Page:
The burgeoning self-publishing world has exploded a need for so-called ‘author services’ — you know, the services that used to be provided by the traditional publishers (TPs) if your manuscript was chosen from a gazillion other entries. Services such as editing, proofing, book production, packaging, and distribution, as well as back office tasks such as accounts receivable, accounts payable and year-end tax reporting.
These ‘author services’ shops exist now to some degree but will propagate wildly in the coming year.
So, before you spend ANY money (and most probably needlessly) heed this insight from Smashwords founder, Mark Coker, in this article by Jason Boog:
Mark Coker Predicts: ‘More money will be made in author services than in book sales.’
In his 2013 Book Publishing Industry Predictions, Smashwords founder Mark Coker included this warning for aspiring writers: “In the self-publishing gold rush, more money will be made in author services than in book sales.”
All independent writers need to remember this advice as we head into the new year. We asked How Much Should Self-Publishing Cost? in November and received a wide-range of responses. Indie authors can pay everything from nothing to $50,000 in an effort to publish their work.
Here’s more from Coker: “With the shift to self-publishing, writers must carry the publishing burdens once borne by traditional publishers, such as the cost of editing, proofing, book production, packaging, and distribution, as well as backoffice tasks such as accounts receivable, accounts payable and year-end tax reporting … With this burgeoning demand for professional publishing services, thousands of service providers will open up virtual author services shops in 2013. The challenge for writers is to procure the highest quality services at the lowest cost. Plenty of scamsters and over-priced service providers will be standing by to help.”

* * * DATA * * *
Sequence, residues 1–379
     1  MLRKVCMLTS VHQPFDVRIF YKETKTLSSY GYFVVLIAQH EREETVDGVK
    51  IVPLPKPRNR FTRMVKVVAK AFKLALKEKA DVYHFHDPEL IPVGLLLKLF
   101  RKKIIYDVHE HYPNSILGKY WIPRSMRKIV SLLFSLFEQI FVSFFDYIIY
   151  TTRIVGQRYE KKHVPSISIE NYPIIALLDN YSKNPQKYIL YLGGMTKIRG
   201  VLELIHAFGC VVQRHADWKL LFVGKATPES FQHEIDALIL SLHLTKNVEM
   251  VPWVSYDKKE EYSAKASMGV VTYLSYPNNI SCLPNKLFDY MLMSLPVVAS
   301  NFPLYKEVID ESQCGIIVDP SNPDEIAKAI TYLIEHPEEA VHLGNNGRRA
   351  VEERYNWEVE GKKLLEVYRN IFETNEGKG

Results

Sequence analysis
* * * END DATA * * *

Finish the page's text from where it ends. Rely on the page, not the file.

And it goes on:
Coker also included two tips for keeping your self-publishing work at a respectable cost. Here is his first tip:
As I write in Secrets to Ebook Publishing Success, pinch your pennies. As a self published author, you’re the publisher. You’re running a business. The lifeblood of a business is profit, because profit generates cash. If you run out of cash, you go out of business. Since profit equals sales minus expenses, and sales are difficult to predict and often minimal, it’s important to minimize expenses. DIY as much as possible, especially when you’re starting out. Invest your sweat equity (your time and talent) first. If you can’t afford editing, barter for editing, and leverage beta readers. Once you start earning a profit, then carefully reinvest. Never borrow money to finance your ebook publishing adventure. Never spend money you need to pay the mortgage or to put bread on your table.